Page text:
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Finding Your Niche on the New YouTube

by Ethan Tussey

by Ethan Tussey for IN MEDIA RES

On December 1st, 2011, YouTube released a video, “Get More Into YouTube,” that previewed and promoted its redesigned interface. The major focus of the redesign was to “channelize” YouTube by asking users to subscribe to the video feeds of particular content creators. YouTube has long had a subscription function but the redesigned interface makes this the primary feature of the website, framing YouTube as an entertainment destination like HBO instead of a place to search for the clips everyone is talking about. For many users, “Getting More Into YouTube” would mean abandoning their current habits and joining a “monetizable” niche demographic.

As of today, the content recommended to me by YouTube reflects the random way I use the site. I primarily use it to search for clips for class and to check out videos sent to me by friends. If I were to begin using YouTube as an entertainment destination, and subscribe to multiple channels, it would be easier for Google advertisers to begin marketing to my tastes. I am not as unsettled by this prospect as many of my colleagues or the 15,000 people who “disliked” the video announcing the website redesign, I am more concerned with the way YouTube, a website that originally promoted itself with the motto “broadcast yourself,” is abandoning its digital ethics to become a better version of television.

Robert Kyncl, Vice President of Global Content Acquisition for YouTube, argues, “people prefer niches because ‘the experience is more immersive.’” Kyncl describes the history of mass media as a path from broad to narrow with YouTube as the culmination of narrowcasting. He has even claimed that television will soon be just one more app on our living room flat screens, as YouTube and other digital platforms deliver a more enjoyable entertainment experience.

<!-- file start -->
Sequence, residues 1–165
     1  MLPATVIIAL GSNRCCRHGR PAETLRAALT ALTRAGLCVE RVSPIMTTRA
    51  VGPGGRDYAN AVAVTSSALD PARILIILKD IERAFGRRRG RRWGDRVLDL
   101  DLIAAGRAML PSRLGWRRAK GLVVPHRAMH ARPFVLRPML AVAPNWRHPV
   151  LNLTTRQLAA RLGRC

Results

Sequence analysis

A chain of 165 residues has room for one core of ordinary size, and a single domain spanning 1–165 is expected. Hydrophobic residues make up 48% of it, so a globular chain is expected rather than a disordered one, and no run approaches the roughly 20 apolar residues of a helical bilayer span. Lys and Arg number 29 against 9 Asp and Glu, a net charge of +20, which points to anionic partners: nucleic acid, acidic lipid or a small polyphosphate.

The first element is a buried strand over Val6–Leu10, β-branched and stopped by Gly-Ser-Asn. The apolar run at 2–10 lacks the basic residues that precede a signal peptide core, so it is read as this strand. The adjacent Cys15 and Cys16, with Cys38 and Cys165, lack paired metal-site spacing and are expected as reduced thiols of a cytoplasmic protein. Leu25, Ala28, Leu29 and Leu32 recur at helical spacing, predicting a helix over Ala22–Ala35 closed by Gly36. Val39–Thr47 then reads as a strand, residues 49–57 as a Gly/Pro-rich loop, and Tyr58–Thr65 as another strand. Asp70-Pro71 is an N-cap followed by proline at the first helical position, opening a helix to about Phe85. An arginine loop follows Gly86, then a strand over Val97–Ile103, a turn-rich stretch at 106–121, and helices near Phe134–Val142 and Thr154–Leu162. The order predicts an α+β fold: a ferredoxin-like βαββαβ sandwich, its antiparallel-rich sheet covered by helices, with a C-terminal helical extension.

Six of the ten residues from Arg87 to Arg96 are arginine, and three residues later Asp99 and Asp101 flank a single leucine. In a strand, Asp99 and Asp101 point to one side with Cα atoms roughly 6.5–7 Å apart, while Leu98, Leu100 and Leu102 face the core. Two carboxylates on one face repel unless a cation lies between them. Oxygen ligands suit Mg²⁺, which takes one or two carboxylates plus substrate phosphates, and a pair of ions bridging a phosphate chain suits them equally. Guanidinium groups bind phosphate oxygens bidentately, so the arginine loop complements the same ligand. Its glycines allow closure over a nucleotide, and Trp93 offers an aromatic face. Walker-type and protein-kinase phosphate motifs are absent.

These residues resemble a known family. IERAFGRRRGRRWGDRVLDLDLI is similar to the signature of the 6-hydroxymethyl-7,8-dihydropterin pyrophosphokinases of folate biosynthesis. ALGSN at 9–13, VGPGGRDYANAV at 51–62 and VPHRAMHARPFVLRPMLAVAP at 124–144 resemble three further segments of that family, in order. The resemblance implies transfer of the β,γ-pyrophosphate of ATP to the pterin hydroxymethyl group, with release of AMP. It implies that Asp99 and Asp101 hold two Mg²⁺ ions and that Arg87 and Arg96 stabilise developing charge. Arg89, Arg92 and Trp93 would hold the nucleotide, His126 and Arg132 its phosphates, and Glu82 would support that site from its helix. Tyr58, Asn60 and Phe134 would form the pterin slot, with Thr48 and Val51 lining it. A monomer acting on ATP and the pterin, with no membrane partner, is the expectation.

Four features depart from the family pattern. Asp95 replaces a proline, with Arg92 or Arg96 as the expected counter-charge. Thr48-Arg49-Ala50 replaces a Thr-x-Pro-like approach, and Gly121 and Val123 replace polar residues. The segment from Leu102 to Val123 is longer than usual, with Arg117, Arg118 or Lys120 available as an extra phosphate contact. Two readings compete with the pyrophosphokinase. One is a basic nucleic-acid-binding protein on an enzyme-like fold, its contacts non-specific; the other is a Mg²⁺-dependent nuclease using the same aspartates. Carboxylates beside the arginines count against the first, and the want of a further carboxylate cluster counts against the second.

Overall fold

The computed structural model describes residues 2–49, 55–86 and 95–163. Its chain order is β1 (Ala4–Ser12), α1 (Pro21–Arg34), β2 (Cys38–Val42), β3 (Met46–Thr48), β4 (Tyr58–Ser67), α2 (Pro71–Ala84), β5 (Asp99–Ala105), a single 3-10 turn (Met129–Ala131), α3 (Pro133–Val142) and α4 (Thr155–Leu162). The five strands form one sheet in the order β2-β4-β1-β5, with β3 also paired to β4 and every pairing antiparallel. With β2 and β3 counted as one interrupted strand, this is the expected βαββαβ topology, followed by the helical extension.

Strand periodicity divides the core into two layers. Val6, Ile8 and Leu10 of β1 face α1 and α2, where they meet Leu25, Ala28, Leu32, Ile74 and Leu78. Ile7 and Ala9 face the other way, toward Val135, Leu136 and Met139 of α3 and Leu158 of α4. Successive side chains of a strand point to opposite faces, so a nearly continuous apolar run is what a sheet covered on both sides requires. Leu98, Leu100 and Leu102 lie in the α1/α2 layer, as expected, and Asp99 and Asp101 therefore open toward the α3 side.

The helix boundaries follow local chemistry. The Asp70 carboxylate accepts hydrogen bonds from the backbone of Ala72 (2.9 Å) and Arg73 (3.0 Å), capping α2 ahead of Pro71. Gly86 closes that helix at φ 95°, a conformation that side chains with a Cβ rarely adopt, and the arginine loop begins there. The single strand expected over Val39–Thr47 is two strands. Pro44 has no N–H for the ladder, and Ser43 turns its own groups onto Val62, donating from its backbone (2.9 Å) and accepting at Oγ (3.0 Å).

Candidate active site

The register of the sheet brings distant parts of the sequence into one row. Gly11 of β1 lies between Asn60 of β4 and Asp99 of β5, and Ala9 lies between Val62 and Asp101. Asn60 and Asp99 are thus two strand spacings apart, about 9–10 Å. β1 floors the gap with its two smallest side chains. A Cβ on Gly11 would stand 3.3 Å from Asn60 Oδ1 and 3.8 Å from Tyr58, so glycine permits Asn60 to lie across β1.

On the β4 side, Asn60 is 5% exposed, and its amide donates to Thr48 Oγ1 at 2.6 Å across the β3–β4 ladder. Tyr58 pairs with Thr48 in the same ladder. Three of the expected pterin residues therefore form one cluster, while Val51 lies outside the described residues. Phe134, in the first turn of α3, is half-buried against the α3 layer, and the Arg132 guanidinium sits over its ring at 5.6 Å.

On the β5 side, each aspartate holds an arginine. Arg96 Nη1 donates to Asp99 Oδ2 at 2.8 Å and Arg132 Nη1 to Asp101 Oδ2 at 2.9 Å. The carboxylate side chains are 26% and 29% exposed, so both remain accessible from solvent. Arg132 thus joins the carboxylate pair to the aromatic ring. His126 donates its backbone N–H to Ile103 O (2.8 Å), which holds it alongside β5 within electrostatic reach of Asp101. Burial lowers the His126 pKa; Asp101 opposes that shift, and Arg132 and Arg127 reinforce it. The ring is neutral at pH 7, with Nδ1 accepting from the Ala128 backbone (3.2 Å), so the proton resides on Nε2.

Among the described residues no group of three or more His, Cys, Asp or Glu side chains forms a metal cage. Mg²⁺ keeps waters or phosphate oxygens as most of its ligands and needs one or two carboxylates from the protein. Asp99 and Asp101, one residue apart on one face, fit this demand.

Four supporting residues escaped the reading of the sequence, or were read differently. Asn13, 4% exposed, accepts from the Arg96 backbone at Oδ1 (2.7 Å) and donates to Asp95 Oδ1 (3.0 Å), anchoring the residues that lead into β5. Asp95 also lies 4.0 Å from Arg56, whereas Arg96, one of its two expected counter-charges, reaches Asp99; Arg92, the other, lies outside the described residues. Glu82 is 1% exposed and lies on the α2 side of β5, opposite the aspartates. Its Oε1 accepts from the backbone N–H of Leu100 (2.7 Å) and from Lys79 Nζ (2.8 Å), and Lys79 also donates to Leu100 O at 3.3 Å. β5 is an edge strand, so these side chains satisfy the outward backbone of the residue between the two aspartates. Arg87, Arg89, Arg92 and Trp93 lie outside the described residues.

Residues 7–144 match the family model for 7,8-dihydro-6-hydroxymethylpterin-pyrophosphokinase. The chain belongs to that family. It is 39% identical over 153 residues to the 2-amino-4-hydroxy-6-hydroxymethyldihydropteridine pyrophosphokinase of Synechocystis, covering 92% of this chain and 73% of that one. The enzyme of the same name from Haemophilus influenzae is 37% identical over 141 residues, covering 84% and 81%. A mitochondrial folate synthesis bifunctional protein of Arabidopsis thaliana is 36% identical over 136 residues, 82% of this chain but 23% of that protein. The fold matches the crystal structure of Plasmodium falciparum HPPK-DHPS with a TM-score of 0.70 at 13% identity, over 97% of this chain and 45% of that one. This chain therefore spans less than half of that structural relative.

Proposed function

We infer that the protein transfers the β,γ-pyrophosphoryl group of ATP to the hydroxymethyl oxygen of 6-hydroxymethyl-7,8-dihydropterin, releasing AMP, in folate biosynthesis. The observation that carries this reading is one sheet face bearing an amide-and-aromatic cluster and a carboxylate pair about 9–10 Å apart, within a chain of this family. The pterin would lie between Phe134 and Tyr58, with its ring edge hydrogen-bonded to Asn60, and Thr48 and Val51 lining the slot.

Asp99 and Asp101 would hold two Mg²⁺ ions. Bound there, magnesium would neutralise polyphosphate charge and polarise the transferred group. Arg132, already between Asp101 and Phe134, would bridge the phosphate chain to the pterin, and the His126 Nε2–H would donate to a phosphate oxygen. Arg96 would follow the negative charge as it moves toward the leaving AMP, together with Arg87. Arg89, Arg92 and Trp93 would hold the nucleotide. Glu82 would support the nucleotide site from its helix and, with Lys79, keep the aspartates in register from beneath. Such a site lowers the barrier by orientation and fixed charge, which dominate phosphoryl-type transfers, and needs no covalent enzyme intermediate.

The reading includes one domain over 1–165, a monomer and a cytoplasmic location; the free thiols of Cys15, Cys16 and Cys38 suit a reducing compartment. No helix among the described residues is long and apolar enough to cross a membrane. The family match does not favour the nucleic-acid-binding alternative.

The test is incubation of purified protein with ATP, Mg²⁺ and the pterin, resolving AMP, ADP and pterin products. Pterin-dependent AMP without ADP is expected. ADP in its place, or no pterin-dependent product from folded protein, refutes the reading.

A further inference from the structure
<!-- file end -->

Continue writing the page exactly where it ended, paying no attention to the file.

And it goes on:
In his book Niche Envy, Joe Turow makes the point that the cost of personalization is privacy, those willing to accept the intrusiveness of digital entertainment are rewarded with a more “immersive” experience while those who prefer privacy are discriminated against. People can still use YouTube as a video clip search engine (the computer programmers for the site have not redesigned the search feature), but we should realize that the interface is intended to lead us through the process of defining ourselves, finding our niches and submitting to the new business model.

The New YouTube

Promotional video for the new YouTube

from YouTube (2011)
Creator: YouTube
Posted by Ethan Tussey